Private and External Costs and Benefits of Replacing High-Emitting Peaker Plants with Batteries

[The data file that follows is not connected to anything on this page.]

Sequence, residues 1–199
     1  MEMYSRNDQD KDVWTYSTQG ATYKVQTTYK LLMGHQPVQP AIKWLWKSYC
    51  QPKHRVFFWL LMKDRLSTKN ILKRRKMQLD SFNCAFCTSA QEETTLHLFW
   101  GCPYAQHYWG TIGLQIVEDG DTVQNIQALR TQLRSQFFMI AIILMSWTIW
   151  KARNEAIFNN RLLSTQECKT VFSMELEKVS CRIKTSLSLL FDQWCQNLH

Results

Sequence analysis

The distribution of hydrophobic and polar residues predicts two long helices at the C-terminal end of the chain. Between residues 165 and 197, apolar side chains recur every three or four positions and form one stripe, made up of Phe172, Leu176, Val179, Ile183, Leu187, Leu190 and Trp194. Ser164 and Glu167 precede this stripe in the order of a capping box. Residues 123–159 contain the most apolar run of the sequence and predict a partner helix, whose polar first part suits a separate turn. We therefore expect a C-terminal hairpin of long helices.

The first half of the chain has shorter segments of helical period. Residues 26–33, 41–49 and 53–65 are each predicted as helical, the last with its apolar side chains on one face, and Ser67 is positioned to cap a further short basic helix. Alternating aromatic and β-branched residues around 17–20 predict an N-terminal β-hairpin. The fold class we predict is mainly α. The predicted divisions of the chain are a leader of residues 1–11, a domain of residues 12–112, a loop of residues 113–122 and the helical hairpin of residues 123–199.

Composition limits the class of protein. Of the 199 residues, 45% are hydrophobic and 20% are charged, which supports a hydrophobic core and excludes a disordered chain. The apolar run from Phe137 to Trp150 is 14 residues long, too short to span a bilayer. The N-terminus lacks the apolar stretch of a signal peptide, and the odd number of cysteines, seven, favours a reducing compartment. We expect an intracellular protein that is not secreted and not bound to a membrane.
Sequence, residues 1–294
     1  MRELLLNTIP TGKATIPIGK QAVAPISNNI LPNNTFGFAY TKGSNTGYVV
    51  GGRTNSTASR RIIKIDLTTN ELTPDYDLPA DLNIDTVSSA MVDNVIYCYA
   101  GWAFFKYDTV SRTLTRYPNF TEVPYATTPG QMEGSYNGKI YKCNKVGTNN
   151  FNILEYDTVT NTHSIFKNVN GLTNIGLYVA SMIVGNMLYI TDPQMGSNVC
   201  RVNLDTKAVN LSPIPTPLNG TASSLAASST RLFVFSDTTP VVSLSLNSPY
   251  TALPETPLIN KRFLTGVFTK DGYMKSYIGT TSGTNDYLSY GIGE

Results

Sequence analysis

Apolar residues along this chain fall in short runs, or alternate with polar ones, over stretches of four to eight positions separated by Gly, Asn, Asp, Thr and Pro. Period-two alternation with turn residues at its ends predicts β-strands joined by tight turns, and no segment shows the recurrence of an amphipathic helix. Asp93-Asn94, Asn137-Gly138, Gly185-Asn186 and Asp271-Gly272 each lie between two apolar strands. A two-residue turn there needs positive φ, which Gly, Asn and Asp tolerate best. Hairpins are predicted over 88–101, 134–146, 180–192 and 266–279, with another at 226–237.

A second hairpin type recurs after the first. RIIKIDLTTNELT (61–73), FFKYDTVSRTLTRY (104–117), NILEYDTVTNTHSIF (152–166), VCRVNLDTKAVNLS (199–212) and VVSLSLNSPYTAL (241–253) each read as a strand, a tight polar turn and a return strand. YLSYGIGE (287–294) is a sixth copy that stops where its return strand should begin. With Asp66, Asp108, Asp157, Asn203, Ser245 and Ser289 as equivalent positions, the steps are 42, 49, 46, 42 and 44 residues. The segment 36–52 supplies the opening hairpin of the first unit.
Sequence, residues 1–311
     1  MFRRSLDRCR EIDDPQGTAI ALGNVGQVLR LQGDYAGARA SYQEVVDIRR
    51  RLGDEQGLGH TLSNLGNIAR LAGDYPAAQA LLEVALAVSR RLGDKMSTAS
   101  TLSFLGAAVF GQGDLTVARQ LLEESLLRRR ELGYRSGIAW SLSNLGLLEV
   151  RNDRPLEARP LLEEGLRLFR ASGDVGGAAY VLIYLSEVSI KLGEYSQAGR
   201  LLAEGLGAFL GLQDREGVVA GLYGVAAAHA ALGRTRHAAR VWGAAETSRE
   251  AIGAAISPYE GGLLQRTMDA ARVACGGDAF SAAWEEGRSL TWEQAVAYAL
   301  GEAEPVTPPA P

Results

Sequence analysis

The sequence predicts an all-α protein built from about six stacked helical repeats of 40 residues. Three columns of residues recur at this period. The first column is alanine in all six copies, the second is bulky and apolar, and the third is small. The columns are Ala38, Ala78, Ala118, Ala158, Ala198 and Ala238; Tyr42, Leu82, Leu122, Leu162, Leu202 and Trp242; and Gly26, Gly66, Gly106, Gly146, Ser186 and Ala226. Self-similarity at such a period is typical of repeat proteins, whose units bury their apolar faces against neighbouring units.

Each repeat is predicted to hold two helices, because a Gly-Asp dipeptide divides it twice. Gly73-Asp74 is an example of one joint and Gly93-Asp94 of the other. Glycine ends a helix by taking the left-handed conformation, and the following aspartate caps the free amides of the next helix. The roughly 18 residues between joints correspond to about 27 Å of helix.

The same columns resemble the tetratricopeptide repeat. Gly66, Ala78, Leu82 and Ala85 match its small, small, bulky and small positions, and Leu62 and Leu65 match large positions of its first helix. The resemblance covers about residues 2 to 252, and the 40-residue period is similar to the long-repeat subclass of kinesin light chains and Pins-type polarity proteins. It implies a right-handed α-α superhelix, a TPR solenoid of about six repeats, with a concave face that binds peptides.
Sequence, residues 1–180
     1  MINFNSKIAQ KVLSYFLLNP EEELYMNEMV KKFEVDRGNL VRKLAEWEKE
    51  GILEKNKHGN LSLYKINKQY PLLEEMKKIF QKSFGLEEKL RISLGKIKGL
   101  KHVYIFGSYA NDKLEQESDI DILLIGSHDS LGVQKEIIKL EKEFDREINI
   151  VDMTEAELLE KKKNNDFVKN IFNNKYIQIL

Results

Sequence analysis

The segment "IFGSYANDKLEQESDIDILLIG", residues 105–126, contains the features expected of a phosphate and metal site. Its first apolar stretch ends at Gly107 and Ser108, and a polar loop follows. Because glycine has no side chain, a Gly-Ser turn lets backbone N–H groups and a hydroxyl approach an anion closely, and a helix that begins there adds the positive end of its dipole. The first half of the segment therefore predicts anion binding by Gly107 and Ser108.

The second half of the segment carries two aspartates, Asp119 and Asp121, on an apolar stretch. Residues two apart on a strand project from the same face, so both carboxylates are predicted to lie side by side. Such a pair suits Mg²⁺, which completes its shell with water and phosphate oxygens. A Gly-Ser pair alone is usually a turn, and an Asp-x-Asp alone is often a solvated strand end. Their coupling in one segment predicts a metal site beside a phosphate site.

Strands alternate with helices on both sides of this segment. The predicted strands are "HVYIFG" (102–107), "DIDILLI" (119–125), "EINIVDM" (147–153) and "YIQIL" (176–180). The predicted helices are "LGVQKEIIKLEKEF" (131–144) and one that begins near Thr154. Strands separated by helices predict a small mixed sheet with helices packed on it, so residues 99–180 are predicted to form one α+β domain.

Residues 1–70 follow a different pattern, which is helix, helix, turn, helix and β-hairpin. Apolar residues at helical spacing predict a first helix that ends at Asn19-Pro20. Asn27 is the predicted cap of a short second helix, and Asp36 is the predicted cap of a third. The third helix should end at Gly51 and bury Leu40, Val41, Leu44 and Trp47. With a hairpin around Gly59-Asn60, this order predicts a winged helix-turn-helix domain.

Falling costs of lithium-ion (Li-ion) batteries have made them attractive for grid-scale energy storage applications. Energy storage will become increasingly important as intermittent renewable generation and more frequent extreme weather events put stress on the electricity grid. Environmental groups across the United States are advocating for the replacement of the highest-emitting power plants, which run only at times of peak demand, with Li-ion battery systems. We analyze the life-cycle cost, climate, and human health impacts of replacing the 19 highest-emitting peaker plants in California with Li-ion battery energy storage systems (BESS). Our results show that designing Li-ion BESS to replace peaker plants puts them at an economic disadvantage, even if facilities are only sized to meet 95% of the original plants’ load events and are free to engage in arbitrage. However, five of 19 potential replacements do achieve a positive net present value after including monetized climate and human health impacts. These BESS cycle far less than typical front-of-the-meter batteries and rely on the frequency regulation market for most of their revenue. All projects offer net air pollution benefits but increase net greenhouse gas emissions due to electricity demand during charging and upstream emissions from battery manufacturing.